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Since the Coronavirus came into our lives this slice of the stock market has given ordinary people the chance to multiply their money by 96% in 21 days on JP Morgan.

Stocks  | December 23, 2019

One of the most difficult things for an investor to learn is when they have stocks to sell. That’s because it’s in our nature to look for the rags-to-riches story. Plus, let’s face it — on more than one occasion, a stock that was left for dead has rebounded to reach new heights.

However, the reality is that in just as many cases, stocks that are falling will continue to fall. And while this doesn’t mean a stock can’t turn around, it often times means that the stock may have further to fall.

How can investors tell the difference? An easy clue for investors to follow is to look at what analysts say about a stock. Analysts are typically assigned to a handful of specific stocks, or they may cover specific sectors. That means they will frequently have contacts within the companies that involve those stocks, which helps them understand the fundamentals of a company.

An analyst’s recommendation is particularly important whenever a stock issues its periodic earnings report. That’s because, in addition to companies posting the results of the quarter just passed, they offer guidance for future results. After analyzing all this information, they issue a buy, hold or sell rating. Although the ratings seem straightforward, many investors know that hold has actually come to mean sell. So, when a stock gets a sell rating, it means analysts have a particularly negative impression of a stock.

The moral of the story, when a stock gets a sell rating, it’s important to get out before further damage is done to your portfolio. With that being said, take a look at these three stocks to sell and consider kissing them goodbye before we enter 2020.

Stocks to Sell Before 2020: Nio (NIO)

Year-to-Date Performance: -58%

In a prior article, I said that the electric car industry is similar to the cannabis sector in that there will be some companies that will be first through the door, but won’t be there when the industry consolidation is finished. That may very well be the case with Nio (NYSE:NIO) stock.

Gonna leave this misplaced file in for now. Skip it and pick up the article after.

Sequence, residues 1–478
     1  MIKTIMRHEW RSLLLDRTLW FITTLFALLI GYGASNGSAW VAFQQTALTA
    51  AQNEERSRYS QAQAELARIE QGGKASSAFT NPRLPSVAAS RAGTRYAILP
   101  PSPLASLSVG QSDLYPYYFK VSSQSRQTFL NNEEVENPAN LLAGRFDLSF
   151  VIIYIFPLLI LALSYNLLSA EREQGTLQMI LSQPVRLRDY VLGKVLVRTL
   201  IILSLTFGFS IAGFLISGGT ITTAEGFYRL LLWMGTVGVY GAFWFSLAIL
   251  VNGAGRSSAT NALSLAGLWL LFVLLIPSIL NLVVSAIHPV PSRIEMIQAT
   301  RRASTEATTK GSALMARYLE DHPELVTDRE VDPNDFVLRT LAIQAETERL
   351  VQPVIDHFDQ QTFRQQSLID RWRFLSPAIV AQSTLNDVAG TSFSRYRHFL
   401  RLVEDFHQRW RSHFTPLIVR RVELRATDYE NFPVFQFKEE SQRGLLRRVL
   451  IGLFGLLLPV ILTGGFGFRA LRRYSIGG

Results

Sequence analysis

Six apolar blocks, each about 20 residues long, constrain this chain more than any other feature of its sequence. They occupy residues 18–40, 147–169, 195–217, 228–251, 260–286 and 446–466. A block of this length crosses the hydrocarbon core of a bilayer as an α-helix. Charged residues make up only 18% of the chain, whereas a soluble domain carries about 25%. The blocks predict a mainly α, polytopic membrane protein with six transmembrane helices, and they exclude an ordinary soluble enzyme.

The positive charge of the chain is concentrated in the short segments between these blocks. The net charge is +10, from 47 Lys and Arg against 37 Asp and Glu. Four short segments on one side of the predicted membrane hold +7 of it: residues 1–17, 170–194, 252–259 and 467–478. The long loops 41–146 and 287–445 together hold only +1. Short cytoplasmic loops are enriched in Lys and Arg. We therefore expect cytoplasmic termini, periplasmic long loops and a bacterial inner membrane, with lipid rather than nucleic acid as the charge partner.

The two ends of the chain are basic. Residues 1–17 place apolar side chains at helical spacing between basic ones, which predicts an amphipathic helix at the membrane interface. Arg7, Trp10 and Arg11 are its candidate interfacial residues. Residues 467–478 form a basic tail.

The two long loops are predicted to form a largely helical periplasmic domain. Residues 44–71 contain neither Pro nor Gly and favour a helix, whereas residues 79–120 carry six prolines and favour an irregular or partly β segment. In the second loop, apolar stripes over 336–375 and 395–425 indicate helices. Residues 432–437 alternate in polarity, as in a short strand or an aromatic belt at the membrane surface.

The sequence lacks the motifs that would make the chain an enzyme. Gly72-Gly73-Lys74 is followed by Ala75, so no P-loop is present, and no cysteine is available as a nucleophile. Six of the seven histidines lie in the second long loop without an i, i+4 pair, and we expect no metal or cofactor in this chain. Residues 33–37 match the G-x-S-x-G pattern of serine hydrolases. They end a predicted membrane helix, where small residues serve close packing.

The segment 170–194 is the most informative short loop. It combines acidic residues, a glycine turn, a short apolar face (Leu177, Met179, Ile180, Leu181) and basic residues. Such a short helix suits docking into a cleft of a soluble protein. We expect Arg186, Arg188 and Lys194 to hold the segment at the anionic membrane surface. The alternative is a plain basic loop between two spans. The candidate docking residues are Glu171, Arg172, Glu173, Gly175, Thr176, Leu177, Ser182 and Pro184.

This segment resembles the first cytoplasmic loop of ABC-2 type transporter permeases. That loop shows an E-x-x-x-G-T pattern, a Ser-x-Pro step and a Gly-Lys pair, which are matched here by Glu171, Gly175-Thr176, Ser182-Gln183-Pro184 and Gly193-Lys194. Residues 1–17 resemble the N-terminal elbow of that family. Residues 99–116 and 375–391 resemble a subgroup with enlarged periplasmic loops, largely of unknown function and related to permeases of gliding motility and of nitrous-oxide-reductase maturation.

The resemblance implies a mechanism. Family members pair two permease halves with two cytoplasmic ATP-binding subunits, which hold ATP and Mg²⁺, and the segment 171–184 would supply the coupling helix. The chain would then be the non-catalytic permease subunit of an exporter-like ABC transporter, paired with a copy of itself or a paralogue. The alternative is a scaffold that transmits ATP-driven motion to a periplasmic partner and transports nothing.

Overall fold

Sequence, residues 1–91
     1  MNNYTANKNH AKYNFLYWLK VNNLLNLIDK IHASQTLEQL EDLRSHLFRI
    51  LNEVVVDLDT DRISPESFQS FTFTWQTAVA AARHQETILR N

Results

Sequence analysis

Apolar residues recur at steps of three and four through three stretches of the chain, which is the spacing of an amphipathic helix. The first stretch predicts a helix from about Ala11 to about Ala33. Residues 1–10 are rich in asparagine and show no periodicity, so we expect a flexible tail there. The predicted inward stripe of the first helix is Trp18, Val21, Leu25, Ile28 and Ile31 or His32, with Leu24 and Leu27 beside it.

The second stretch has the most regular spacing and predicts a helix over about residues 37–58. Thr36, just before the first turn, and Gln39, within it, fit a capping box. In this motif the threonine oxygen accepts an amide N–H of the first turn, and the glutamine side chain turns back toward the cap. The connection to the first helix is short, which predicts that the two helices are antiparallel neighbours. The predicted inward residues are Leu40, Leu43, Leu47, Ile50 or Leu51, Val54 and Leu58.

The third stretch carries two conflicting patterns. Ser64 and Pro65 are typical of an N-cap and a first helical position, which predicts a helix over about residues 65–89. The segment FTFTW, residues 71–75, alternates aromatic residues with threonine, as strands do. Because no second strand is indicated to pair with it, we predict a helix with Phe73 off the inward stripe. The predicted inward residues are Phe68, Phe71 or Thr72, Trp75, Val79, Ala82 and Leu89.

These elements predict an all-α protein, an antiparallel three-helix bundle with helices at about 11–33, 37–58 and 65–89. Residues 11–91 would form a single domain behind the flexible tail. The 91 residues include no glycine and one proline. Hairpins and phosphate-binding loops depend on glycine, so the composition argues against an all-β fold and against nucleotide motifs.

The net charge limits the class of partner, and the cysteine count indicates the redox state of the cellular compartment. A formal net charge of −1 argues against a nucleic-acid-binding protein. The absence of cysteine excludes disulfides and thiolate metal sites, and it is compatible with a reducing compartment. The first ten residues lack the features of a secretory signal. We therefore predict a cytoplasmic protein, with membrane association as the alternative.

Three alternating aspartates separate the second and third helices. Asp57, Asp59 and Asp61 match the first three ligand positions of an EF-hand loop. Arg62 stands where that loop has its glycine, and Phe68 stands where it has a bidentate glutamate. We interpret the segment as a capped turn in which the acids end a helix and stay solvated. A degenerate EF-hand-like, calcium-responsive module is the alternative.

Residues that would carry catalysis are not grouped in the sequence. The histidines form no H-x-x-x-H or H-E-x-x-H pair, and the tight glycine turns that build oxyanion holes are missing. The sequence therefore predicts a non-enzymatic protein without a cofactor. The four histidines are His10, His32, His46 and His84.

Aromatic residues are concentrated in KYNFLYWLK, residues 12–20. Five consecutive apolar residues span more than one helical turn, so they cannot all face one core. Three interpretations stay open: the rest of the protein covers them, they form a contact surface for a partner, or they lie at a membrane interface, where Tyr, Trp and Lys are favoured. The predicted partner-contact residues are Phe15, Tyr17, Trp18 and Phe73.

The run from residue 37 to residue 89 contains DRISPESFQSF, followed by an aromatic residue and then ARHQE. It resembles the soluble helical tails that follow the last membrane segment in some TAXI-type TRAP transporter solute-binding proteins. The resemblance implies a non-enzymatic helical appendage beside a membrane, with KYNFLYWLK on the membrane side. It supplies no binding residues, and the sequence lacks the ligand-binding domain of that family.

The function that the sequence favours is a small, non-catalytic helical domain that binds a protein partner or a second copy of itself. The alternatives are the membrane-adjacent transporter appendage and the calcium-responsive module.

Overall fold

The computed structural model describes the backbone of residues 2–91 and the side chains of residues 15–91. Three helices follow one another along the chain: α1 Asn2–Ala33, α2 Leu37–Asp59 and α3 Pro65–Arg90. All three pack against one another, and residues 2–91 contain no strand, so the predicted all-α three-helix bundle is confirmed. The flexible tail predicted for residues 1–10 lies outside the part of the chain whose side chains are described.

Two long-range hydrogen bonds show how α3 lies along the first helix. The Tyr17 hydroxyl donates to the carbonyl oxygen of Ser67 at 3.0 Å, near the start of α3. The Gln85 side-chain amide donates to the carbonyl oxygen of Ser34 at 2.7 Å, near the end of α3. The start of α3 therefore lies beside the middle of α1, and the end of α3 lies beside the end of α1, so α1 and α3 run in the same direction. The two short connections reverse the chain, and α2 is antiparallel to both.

Nio has been given the nickname “Tesla (NASDAQ:TSLA) of China,” but has a lot of obstacles that are getting in the way of their growth. One of those obstacles is that the company has yet to turn a profit — and the path to profit does not look very clear. The upper class in China is not as robust as many think. This is creating a supply and demand problem that is hard to ignore.

Furthermore, the Chinese government has removed the subsidies from electric cars — which is creating even more of a demand problem.

Nio also doesn’t manufacture its own product, which makes it difficult to get a true valuation of the company.

Nautilus (NLS)

YTD Performance: -84%

It’s hard to imagine that investors would be questioning a fitness company’s stock; Nonetheless, that’s the case with Nautilus (NYSE:NLS). The stock is down over 80% in 2019, and reported an earnings per share (EPS) loss of 36 cents. This was 32 cents worse than analysts’ estimates this past quarter. This made it three-straight quarters that the company reported a negative EPS — and that’s not an encouraging trend.

However, what makes the situation worse is that Nautilus is struggling to perform in its key Bowflex business. The company blamed a slow start to the year on advertising that failed to get across the company’s new digital benefits.

But, in a fitness space that is getting more crowded by the day, it’s simply not credible to believe that the problem with the company’s Bowflex business is due to poor advertising. Especially when a brand like Peloton (NASDAQ:PTON) is showing that even negative publicity can be good publicity.

J.Jill (JILL)

YTD Performance: -82%

As I mentioned in the introduction, when analysts give a hold rating, it frequently means it’s time to sell the stock. So, when five of the nine analysts that offered ratings on J.Jill (NYSE:JILL) gave the stock a “hold” rating, that can’t be good news.

One of the problems that bedevil J.Jill is its inability to deliver consistently positive earnings. The company managed to break a four-quarter streak of declining earnings in the first quarter of 2019. However, the stock quickly reported a decline in earnings in the second quarter — and not just a decline, JILL’s stock actually reported negative earnings. They broke the string in the third quarter, ticking back to positive and only missing analysts’ expectations by 4 cents; But, a miss is still a miss. Furthermore, the company’s fourth-quarter guidance is also showing another decline in earnings.

For a stock that’s already down 82% for the year, that kind of performance is not going to inspire investors. This is particularly true when the company cites one of the reasons for its poor sales number in the first quarter as a shift from catalog to digital sales that was too aggressive. It’s hard to imagine that such a thing is possible.

A revolutionary initiative is helping average Americans find quick and lasting stock market success.

275% in one week on XLF - an index fund for the financial sector. Even 583%, in 7 days on XHB… an ETF of homebuilding companies in the S&P 500. 

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